(A) Lateral and (B) ventrodorsal radiographs of the skull. This patient was diagnosed with calvarial hyperostosis. Note that the frontal, parietal, and occipital bones, including the tentorium osseum, are smooth but have increased thickness and opacity (red arrows). Note the markedly irregular periosteal reactions on the mandibles and bullae (yellow arrows). This patient was unable to open its mouth much beyond what is evident on the lateral image. Images courtesy of Justin Goggin, DVM, DACVR 

 (A) Lateral and (B) ventrodorsal radiographs of the skull. This patient was diagnosed with calvarial hyperostosis. Note that the frontal, parietal, and occipital bones, including the tentorium osseum, are smooth but have increased thickness and opacity (red arrows). Note the markedly irregular periosteal reactions on the mandibles and bullae (yellow arrows). This patient was unable to open its mouth much beyond what is evident on the lateral image. Images courtesy of Justin Goggin, DVM, DACVR 

FIGURE 1 (A) Lateral and (B) ventrodorsal radiographs of the skull. This patient was diagnosed with calvarial hyperostosis. Note that the frontal, parietal, and occipital bones, including the tentorium osseum, are smooth but have increased thickness and opacity (red arrows). Note the markedly irregular periosteal reactions on the mandibles and bullae (yellow arrows). This patient was unable to open its mouth much beyond what is evident on the lateral image. Images courtesy of Justin Goggin, DVM, DACVR 

FIGURE 1 (A) Lateral and (B) ventrodorsal radiographs of the skull. This patient was diagnosed with calvarial hyperostosis. Note that the frontal, parietal, and occipital bones, including the tentorium osseum, are smooth but have increased thickness and opacity (red arrows). Note the markedly irregular periosteal reactions on the mandibles and bullae (yellow arrows). This patient was unable to open its mouth much beyond what is evident on the lateral image. Images courtesy of Justin Goggin, DVM, DACVR 

There are no specific pathologic signs. Often, serum alkaline phosphatase is elevated and hyperphosphatemia is present3; however, because CMO is typically diagnosed in young and adolescent dogs, these elevations are likely consistent with skeletal immaturity.3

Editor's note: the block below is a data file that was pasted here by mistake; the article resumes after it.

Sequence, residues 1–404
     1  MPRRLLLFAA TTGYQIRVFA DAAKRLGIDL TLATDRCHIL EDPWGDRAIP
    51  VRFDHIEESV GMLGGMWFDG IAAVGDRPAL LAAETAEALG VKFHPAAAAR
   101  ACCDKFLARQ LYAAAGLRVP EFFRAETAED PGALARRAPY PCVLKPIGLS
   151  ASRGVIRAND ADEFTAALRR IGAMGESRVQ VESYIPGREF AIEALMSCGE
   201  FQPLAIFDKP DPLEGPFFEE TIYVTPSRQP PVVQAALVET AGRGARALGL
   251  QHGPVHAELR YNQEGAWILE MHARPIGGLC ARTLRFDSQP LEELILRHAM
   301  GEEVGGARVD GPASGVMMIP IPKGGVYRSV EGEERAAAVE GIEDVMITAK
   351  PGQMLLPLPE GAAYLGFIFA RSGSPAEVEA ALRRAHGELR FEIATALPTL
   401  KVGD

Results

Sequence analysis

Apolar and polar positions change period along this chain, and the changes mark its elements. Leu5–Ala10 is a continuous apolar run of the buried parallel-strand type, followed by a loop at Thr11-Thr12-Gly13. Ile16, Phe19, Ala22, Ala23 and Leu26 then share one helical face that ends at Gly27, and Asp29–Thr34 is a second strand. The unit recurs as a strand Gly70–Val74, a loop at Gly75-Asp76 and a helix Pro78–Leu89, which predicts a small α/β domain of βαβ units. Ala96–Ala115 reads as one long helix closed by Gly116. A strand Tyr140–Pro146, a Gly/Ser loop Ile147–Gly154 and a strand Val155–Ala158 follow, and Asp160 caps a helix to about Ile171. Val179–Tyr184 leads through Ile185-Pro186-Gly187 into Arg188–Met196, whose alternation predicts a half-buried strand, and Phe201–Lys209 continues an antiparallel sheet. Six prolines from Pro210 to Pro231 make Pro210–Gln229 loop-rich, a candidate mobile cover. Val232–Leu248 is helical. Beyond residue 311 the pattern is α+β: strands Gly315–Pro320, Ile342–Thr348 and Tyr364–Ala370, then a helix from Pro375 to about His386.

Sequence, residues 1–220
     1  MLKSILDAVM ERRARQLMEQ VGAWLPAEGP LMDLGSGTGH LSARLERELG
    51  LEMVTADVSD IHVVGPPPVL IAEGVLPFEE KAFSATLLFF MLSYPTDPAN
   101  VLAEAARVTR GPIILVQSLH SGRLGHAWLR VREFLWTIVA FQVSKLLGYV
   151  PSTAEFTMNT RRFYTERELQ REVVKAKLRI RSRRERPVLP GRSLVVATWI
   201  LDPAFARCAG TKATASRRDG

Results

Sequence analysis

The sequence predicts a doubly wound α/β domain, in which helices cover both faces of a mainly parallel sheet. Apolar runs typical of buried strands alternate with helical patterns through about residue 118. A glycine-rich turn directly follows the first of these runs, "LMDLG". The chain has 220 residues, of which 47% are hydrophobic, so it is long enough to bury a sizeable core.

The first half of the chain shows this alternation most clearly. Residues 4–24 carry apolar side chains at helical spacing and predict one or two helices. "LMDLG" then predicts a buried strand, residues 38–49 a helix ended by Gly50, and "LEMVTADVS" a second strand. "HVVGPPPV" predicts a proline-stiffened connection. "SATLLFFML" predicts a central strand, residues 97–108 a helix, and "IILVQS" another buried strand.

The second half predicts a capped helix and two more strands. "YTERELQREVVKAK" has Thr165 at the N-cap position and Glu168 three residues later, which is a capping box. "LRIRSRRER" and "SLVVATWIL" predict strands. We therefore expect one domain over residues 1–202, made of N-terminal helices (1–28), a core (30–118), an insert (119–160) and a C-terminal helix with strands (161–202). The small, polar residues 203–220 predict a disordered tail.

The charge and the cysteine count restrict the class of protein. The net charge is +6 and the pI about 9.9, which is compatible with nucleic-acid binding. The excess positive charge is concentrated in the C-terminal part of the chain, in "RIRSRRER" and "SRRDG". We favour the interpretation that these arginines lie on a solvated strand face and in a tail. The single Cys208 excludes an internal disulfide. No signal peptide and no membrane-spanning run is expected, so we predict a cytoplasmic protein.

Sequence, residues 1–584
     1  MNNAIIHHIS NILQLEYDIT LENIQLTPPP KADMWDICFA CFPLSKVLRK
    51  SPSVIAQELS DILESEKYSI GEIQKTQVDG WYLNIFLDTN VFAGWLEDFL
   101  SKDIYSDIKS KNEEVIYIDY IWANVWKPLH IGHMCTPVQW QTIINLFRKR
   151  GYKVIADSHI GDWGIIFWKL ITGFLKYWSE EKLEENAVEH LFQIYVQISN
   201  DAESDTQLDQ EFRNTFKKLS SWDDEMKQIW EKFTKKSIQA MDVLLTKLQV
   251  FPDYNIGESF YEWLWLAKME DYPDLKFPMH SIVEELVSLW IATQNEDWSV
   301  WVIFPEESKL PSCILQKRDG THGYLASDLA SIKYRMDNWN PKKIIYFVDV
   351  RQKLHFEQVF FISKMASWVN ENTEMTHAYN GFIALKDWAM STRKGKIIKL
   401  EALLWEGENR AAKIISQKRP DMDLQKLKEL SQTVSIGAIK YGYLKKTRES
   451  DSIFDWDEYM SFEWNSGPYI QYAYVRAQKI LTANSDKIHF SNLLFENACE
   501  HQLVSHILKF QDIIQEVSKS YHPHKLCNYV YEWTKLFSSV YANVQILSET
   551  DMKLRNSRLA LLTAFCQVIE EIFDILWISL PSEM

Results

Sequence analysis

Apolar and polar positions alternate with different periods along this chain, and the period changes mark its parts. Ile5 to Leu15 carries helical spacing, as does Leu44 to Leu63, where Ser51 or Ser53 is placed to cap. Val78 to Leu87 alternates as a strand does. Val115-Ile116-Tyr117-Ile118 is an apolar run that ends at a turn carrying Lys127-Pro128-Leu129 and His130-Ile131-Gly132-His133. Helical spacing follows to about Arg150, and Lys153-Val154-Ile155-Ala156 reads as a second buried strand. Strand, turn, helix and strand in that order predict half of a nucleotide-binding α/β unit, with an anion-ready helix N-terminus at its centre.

Other differential diagnoses can include osteomyelitis and neoplasia, especially if lesions are unilateral. CMO can occur independently of or in conjunction with other developmental orthopedic diseases of the axial and appendicular skeleton.4

Treatment & Prognosis

Appropriate pain management is critical. Most patients appear to respond well to NSAID therapy, but protracted treatment may be necessary; however, some clinicians prefer to treat with anti-inflammatory doses of glucocorticoids.6 Coadministration of NSAIDs and glucocorticoids must be avoided. Supportive care can include a gruel or softened diet, although hand-feeding may be required.

Prognosis typically depends on the bones affected and temporomandibular joint(s) involvement. In addition, the patient’s ability to open and close the mouth, prehend food, and sustain themselves throughout supportive care can affect prognosis. For instances in which there is limited range of motion because of temporomandibular joint(s) involvement, prognosis for survival is dependent on the patient’s ability to maintain appropriate dietary intake.3 In such cases, although temporomandibular joint arthroplasty and excision have been recommended, deleterious effects following surgical intervention have been reported; thus, the majority of cases can be treated medically. Most patients respond to medical management and supportive care.7

CMO = craniomandibular osteopathy

References and Author Information